Owls haunt the dark of night while flying on silent wings

Photo by Pixabay • A perched Great Horned Owl appears to blend into the structure of a tree’s limbs, offering the nocturnal predator excellent camouflage.

There’s nothing to send shivers traveling along your spine like listening to the haunting hoots of a great horned owl hidden from human eyes by the cloak of darkness. It’s no wonder that owls have also become popular motifs for the celebration of the Halloween holiday. Just remember there’s more to these creatures of the night than perhaps meets the eye. Owls may be our neighbors, but we’ll never truly belong to their world, which must be why they continue to intrigue us.

While human culture has turned owls into beloved creatures, keep in mind these birds are fierce and ferocious predators. For young American crows in their nests, this owl is the stuff of their avian nightmares. It’s no wonder that crows, which no doubt witness their peers taken by the great horned owl as prey when young and helpless, grow up with an abiding hatred of this large nocturnal raptor. Flocks of adult crows form quickly when an owl is discovered at a roost during the daylight hours. With safety in numbers, the crows mercilessly hound and harry such unlucky owls.

Quite often, it does take a crow’s sharp eye to detect a motionless owl at its daytime roost. Great horned owls have a plumage of mottled grays and browns, as well as some white feathers on the chin and throat. This plumage helps them blend into their surroundings. Even when on the move, the great horned owl rarely attracts attention. They can fly in almost perfect silence on their wide wings. I know this from firsthand experience. Back in the early 2000s I visited Orchard Bog in Shady Valley in Johnson County in early spring for a chance to witness the evening display of American woodcocks from the nearby woodlands. While standing with some other birders, I noticed a large shadow moving low over the fields heading toward us. As the bird got closer, it became recognizable as a great horned owl. The owl barely diverted from its flight. In fact, it flew just over our heads, gliding silently on wide wings. I still marvel at how the owl’s wings made no noise whatsoever. The owl continued to glide over the fields until we lost it in the dusk.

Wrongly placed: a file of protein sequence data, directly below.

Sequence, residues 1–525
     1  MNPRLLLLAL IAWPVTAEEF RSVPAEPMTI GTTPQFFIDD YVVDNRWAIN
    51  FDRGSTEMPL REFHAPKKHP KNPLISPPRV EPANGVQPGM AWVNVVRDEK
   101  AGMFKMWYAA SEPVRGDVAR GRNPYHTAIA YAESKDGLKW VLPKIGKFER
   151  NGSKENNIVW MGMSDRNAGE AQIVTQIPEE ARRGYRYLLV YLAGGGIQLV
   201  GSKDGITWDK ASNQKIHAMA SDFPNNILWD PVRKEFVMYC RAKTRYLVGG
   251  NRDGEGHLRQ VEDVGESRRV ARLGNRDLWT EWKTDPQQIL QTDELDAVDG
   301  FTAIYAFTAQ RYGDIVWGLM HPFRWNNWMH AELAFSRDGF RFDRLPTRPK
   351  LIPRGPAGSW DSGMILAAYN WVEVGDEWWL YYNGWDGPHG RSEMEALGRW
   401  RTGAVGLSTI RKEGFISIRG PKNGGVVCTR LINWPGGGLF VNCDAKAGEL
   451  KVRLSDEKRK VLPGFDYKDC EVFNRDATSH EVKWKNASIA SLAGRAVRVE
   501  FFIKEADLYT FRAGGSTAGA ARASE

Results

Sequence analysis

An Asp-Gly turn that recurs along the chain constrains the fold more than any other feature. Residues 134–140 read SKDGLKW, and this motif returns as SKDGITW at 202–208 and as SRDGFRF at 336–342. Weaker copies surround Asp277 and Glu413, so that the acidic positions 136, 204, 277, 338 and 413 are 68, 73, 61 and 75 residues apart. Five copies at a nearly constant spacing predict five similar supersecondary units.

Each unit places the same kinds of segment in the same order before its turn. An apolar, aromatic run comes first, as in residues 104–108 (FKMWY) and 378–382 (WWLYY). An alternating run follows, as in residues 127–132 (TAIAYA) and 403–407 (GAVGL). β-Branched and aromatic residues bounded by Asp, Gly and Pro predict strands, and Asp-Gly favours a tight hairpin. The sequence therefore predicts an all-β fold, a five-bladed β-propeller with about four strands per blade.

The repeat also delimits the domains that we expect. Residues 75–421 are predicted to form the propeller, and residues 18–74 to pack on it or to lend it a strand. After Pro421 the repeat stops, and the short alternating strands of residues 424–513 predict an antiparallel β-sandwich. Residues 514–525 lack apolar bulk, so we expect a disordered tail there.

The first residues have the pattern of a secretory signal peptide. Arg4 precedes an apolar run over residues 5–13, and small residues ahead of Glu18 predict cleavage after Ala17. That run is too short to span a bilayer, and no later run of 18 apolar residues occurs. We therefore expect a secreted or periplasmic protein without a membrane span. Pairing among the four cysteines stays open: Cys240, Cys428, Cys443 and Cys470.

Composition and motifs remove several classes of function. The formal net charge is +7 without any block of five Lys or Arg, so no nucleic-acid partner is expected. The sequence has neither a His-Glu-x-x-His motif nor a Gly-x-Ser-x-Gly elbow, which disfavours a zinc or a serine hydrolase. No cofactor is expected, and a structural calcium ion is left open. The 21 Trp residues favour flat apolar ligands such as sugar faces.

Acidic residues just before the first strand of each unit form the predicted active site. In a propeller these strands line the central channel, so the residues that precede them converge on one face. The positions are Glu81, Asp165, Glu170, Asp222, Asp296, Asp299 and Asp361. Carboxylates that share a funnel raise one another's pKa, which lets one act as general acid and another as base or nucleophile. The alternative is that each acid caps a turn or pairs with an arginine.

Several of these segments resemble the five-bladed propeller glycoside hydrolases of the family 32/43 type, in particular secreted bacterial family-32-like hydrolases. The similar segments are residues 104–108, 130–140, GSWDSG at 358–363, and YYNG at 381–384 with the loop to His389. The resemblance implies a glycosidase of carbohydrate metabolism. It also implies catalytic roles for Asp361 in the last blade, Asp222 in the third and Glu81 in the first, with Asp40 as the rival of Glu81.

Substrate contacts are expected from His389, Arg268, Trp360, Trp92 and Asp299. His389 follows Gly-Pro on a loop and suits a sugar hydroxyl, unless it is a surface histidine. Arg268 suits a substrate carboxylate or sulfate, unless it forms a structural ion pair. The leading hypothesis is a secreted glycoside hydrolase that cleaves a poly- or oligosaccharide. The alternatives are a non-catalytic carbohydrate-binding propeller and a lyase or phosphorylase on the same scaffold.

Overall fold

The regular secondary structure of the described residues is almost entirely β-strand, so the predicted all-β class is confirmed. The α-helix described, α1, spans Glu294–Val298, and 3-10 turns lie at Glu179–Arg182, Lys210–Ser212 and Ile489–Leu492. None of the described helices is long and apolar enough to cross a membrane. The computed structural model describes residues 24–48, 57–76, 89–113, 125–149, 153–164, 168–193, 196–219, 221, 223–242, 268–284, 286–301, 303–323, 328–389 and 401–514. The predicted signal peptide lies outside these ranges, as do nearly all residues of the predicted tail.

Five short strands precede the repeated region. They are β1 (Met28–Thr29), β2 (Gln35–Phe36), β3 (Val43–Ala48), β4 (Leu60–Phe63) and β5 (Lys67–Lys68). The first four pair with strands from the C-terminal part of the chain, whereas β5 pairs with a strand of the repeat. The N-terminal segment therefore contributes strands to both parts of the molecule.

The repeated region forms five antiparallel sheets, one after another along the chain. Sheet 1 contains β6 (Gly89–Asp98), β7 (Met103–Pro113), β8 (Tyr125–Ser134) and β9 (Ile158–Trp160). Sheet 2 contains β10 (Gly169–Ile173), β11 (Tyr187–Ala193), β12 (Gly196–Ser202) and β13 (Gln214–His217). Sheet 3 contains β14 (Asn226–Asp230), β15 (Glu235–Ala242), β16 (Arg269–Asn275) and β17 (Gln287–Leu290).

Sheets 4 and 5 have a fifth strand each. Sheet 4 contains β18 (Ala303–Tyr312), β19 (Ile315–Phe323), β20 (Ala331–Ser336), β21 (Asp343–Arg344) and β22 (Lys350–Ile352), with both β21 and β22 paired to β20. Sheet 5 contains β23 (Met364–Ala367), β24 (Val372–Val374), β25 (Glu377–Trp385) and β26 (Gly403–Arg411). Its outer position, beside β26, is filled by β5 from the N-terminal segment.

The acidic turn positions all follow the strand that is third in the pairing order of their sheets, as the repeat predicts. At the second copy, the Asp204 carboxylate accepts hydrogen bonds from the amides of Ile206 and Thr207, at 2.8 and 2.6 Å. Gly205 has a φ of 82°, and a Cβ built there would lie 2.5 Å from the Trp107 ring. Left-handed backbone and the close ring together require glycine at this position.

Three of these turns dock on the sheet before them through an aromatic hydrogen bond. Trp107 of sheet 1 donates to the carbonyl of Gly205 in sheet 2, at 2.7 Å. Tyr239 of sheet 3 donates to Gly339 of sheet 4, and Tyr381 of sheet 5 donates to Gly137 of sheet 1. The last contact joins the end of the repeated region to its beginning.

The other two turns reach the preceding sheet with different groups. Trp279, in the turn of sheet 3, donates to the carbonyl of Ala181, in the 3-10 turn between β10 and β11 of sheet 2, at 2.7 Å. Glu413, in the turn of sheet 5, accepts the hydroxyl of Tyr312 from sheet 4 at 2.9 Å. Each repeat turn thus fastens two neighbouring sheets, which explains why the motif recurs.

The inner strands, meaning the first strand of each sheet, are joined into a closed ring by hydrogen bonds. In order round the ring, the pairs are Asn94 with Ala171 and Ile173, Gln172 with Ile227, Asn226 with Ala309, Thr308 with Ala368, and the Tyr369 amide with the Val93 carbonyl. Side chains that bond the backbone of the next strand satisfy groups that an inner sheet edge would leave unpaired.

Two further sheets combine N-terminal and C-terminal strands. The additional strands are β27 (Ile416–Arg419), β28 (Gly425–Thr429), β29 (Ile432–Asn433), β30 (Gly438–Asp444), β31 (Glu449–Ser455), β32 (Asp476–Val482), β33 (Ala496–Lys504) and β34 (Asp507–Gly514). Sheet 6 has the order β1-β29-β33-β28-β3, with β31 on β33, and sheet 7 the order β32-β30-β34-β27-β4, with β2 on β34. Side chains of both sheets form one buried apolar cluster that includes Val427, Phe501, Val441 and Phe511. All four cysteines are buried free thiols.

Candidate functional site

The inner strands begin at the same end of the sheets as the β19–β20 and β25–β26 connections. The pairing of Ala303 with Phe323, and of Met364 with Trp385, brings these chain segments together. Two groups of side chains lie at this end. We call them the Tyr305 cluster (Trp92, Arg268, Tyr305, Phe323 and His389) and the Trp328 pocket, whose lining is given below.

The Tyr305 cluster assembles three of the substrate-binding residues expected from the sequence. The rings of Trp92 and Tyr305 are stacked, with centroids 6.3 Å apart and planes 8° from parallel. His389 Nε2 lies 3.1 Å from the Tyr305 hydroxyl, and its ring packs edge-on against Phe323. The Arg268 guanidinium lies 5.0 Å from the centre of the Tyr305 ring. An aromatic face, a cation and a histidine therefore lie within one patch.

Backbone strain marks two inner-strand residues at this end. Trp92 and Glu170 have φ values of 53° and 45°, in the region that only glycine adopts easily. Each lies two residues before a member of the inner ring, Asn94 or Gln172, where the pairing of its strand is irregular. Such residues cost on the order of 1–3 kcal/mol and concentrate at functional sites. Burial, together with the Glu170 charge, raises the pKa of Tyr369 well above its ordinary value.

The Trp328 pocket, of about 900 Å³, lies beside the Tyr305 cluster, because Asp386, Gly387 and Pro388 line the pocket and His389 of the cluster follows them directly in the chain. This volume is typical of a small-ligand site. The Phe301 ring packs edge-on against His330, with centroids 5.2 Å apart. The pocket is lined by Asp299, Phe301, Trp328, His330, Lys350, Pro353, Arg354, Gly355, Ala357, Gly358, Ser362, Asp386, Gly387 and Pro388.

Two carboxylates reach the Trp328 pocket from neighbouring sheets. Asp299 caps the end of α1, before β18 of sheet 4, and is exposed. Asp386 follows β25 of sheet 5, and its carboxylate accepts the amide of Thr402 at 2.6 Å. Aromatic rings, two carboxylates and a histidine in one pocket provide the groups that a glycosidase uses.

Photo by Alexas-Fotos/Pixabay • A great horned owl is capable of almost silent flight, which helps the predatory bird take prey by surprise. Many myths and superstitions surround the world’s owls, but the truth about owls is often more fascinating.

On another occasion I also witnessed how, when they want to do so, great horned owls can be absolutely silent. While vacationing on Fripp Island, South Carolina, in the 1990s, I would accompany my family members on dusk gold cart excursions. We liked to pull off the side of the road on a causeway that crossed a series of tidal creeks and marsh. On that occasion, a great horned owl flew from nearby woodlands to land on a gnarled snag that rose above the marshland vegetation. Although the owl arrived on silent wings, it soon interrupted the silence with resonant hoots that carried over the marshes. The owl returned to the same snag for two additional evenings during our vacation stay.

I’ve seen other great horned owl over the years in locations from South Carolina and Florida to Utah and Tennessee. I’ve heard many more of these large owls than I have ever been able to get into focus in my binoculars.

Here are a few other interesting facts about the great horned owl:

• This owl is one of the few predators that preys regularly on skunks. Lacking a well-defined sense of smell, owls aren’t bothered in the least by the skunk’s powerful arsenal of stink.

• A wild great horned owl’s longevity peaks at around 13 years of age. Captive owls have been reported reach ages of more than 30 years old.

• Various Native American tribes have held owls in high respect. Dwight G. Smith, author of Great Horned Owl, a book in the Wild Bird Guides series, noted that members of the Zuni tribe of the southwestern United States often hold owl feathers in their mouths to impart the owl’s ability to hunt silently onto their own hunting abilities.

• Great horned owls will eat other birds. They will eat other predatory birds, as well, including ospreys, peregrine falcon and various hawks. The smaller barred owl knows to stay out of their way, too.

• The David Lynch drama “Twin Peaks,” which ran originally on ABC from April of 1990 to June of 1991, spent considerable time dwelling on the mystery that “the owls are not what they seem.” Footage of great horned owls provided a sinister, mysterious mood that fascinated viewers. The series was resurrected in 2017 on Showtime. Alas, although owls returned in the revival of the series, fans still really don’t know the truth about the owls and their importance to the fictional town of Twin Peaks.

• The Celtic people believed that owls knew the paths that led into the underworld. Perhaps that is how owls became regarded as messengers capable of crossing realms. Many Native American tribes have stories about owls delivering messages from the supernatural spirit world to our own reality. 

I align with the cultures that regard an owl as an omen of good fortune. Any time you get a chance to observe an owl, it’s a good thing. It’s not often we get to glimpse these fascinating birds as they emerge from the shadows. Celebrate any opportunity.


As always, email me at ahoodedwarbler@aol.com to share observations, make comments, or ask questions.

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